It is clear more and more women are suffering abuse, and post traumatic stress disorder and effect after childbirth and more and more women and men are speaking out and not only speaking but bringing cases to the courts to change the system and defend their human right to respect, dignity and decision making for themselves and their baby. Some are also using Article 3 of European Convention on Human Rights (torture). They are feeling that forced procedures in childbirth need stronger language than human rights.
Hermine concludes: “Why are we here to share them? What is the value of sharing these stories? Consciousness raising has always been women talking, sharing their stories with each other. There have been times and places where women’s talking has been considered a dangerous thing. Any maybe it is, to some. Because it is through sharing our stories that we understand how the very personal, private thing that happened to us fits into a bigger picture, one that invokes money, power and injustice. It is through stories that the personal becomes political. And so, if we want to see clarity around the basic autonomy rights of birthing women, their maternal rights to make decision on their babies’ behalf, and their reproductive right to pursue a physiological home birth, with a midwife, we can do nothing better than come together an talk about these legal proceedings, the people involved, and the legal arguments being made.”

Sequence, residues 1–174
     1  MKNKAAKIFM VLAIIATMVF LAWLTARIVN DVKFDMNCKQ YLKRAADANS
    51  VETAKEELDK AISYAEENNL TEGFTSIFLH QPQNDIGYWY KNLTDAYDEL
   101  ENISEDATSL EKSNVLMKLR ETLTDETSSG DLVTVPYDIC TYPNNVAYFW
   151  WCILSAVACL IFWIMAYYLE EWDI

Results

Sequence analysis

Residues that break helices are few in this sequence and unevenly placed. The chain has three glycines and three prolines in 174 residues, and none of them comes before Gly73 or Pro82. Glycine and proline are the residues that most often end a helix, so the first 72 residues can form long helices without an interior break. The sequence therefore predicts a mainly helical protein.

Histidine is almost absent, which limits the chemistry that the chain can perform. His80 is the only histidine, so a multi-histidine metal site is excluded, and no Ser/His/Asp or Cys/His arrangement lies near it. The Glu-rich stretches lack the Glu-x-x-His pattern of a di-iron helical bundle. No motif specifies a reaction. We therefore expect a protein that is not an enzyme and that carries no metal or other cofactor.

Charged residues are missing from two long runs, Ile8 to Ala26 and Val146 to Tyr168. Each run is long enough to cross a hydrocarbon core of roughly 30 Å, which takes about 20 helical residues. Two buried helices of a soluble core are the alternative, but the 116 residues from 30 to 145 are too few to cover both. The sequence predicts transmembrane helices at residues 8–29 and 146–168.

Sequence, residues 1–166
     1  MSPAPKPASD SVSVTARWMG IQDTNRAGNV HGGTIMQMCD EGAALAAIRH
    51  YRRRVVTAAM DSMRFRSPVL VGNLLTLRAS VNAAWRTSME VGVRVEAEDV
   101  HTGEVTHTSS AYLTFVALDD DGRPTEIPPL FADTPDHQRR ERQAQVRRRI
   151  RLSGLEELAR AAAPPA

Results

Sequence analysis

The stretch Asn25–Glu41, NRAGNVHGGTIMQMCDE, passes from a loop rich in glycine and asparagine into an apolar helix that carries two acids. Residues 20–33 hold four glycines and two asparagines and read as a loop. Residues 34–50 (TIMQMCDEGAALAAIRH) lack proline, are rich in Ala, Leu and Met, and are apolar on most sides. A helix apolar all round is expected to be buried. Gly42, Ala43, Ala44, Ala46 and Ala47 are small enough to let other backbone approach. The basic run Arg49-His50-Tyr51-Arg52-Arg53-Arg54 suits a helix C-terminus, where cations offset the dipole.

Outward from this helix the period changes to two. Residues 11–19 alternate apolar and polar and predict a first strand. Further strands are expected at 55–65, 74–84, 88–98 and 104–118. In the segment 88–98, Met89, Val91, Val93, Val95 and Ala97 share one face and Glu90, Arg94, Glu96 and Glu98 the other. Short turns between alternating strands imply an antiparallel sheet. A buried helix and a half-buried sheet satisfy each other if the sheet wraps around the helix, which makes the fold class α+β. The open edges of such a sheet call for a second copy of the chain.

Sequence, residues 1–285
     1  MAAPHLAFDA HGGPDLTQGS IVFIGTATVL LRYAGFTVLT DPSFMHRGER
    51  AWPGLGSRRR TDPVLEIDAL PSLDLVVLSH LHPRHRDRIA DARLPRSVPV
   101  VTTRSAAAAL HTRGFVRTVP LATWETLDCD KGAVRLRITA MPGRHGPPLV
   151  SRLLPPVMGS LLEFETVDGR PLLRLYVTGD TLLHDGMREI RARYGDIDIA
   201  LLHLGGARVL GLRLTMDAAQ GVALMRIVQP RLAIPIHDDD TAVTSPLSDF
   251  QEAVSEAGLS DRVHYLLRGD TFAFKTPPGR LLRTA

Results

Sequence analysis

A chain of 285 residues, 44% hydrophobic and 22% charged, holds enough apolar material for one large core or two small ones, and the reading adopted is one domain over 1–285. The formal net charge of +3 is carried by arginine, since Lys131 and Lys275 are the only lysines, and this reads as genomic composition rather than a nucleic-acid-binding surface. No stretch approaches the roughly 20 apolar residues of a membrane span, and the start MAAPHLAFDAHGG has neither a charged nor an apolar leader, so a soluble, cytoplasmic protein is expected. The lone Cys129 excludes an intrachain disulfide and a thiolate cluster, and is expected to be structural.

To lift my spirits and to meet my long time hero Kerstin Uvnas-Moberg I attended the round table The Right to your own oxytocin! Yes oxytocin and this lively informative new look at oxytocin both our own and synthetic lifting my spirit as did talking with Kerstin Uvnas-Moberg after about Orgasmic Birth! I will be sharing this discussion with you in an upcoming blog- easy sign up here to stay posted on future news and blogs.